Friday, June 17, 2011

Medical Justice? Hardly...

I saw this over at Ars Technica a while back.

As you may or may not know in the last few years medical practitioners, in what I think it is a pretty bad display of professionalism, have been suing people who post negative online reviews of their performance. Yes as in if I go to the dentist and they mess something up and I give a bad review they don't try to correct the mistake or work on preventing it from happening again, they just sue me to get my review taken down. Well it looks like someone has come up with a solution. Timothy B. Lee describes his encounter with this solution.
After the usual patient information form, there was a "mutual privacy agreement" that asked me to transfer ownership of any public commentary I might write in the future to Dr. Cirka. Surprised and a little outraged by this, I got into a lengthy discussion with Dr. Cirka's office manager that ended in me refusing to sign and her showing me the door.
It would seem that the organization Medical Justice has been providing its members with these forms.

I'm going to go straight to the point and ask if you know what this means. Imagine walking into your doctor's office after having made an appointment to have something looked at. Before going in to see the doctor you are asked to sign a form that gives ownership of any reviews that you write in the future about that office over to that doctor. Meaning that you would be stuck in a situation where you either have to give up ownership of any review you write later (meaning that even if what you say is true the doctor would have control of it and would be free to take it down) or go find another doctor. Now anyone who's dealt with medical insurance knows that finding another doctor is not quite as easy as finding another restaurant when your first choice is full.

However it might not be so clear cut. Lee took some time to find out just how effective that form would be.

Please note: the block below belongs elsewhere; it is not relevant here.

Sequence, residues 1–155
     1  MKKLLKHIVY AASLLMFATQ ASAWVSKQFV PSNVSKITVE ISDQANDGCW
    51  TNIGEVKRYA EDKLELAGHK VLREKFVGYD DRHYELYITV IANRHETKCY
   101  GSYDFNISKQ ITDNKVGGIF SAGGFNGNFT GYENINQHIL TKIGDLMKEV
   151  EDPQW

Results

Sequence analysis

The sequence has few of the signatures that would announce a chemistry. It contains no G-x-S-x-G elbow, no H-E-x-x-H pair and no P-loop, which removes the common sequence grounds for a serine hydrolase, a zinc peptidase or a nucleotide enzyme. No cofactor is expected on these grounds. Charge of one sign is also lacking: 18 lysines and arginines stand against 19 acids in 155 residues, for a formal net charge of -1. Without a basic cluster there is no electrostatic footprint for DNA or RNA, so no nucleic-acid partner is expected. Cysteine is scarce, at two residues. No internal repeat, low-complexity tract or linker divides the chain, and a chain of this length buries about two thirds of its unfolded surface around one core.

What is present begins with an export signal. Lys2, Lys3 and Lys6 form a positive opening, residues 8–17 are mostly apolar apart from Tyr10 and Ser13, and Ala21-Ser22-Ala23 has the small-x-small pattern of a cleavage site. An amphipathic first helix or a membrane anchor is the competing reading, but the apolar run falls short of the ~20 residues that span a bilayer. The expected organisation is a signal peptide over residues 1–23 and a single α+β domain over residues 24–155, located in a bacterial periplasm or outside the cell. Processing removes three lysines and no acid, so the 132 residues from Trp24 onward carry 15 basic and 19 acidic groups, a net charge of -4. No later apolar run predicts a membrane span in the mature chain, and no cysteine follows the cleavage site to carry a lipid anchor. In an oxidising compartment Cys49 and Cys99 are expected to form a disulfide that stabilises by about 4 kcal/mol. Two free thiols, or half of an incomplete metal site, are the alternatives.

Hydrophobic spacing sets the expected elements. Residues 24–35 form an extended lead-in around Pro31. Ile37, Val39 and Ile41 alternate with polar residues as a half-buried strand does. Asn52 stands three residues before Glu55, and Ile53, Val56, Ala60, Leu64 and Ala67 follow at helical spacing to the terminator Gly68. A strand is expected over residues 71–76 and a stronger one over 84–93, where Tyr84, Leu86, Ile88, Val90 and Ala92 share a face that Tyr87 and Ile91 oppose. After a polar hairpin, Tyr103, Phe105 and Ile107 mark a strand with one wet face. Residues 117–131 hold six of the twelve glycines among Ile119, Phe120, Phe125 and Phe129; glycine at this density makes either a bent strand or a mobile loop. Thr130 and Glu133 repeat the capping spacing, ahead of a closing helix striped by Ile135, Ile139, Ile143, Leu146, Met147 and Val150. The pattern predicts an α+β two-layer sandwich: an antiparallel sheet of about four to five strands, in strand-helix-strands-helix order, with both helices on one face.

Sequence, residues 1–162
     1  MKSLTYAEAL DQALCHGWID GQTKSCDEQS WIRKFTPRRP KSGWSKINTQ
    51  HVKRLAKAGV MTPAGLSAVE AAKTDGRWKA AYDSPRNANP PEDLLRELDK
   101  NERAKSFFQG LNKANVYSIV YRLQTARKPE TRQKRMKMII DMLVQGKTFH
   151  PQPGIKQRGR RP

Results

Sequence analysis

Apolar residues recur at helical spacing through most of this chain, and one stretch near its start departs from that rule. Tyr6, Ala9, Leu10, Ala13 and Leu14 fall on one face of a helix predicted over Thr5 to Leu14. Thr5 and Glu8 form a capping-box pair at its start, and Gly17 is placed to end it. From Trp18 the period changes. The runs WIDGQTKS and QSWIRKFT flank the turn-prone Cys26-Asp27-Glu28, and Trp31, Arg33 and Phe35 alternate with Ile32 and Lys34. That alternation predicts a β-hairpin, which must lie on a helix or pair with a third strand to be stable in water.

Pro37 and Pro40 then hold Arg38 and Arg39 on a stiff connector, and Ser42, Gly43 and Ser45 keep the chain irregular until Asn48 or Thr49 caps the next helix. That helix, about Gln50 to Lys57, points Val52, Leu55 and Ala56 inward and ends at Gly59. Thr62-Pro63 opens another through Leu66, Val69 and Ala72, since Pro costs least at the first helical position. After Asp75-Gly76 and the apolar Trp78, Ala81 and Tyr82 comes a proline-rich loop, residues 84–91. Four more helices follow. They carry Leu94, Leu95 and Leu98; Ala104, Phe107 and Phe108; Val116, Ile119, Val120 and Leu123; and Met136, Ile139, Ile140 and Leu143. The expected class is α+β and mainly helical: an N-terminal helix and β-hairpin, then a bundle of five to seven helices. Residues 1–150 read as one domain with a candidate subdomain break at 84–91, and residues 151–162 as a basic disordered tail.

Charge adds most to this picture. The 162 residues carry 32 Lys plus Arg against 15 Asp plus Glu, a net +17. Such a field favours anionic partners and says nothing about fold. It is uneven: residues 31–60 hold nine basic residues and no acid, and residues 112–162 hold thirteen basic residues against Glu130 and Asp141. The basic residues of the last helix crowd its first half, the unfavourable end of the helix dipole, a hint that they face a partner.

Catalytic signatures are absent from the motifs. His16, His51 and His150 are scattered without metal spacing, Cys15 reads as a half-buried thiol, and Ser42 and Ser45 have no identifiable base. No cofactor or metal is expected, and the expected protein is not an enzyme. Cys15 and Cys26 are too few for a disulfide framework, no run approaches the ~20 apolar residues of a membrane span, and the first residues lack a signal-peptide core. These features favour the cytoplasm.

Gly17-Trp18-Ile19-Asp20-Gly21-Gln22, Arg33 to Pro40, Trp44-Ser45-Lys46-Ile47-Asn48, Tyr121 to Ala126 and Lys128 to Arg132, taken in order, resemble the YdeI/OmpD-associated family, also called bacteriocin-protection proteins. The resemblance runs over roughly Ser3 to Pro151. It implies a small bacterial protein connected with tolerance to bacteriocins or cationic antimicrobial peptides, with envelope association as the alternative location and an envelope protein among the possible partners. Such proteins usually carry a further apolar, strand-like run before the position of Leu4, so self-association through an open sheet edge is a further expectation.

We can't find any evidence that Medical Justice-style agreements have ever actually been used to censor online reviews. Dr. Cirka told Ars that he has never attempted to remove a fraudulent review using the copyright assignment policy. And Yelp told us that they "have never elected to remove a review in response this type of takedown request." The experts we talked to said they've gotten similar statements from other review sites.
As you can see its not as if Medical Justice has been rampantly taking down comments posted by patients who signed their forms. However I think the damage is done. What has happened is that even if that form holds no real power and its just an empty threat it still a threat and threats are meant to scare people. Chances are there are patients that have come across this form and have signed it out of need and are now scared to speak up if something went wrong. Let's not forget people who may have chosen not to get something important looked at until they can find a doctor that doesn't have those forms and we all know that in some cases medical issues should not be put off.

I don't think there will be a mass exodus or anything but I think it will generate more fear which is the last thing we need in this time when healthcare is shaky at best.
-->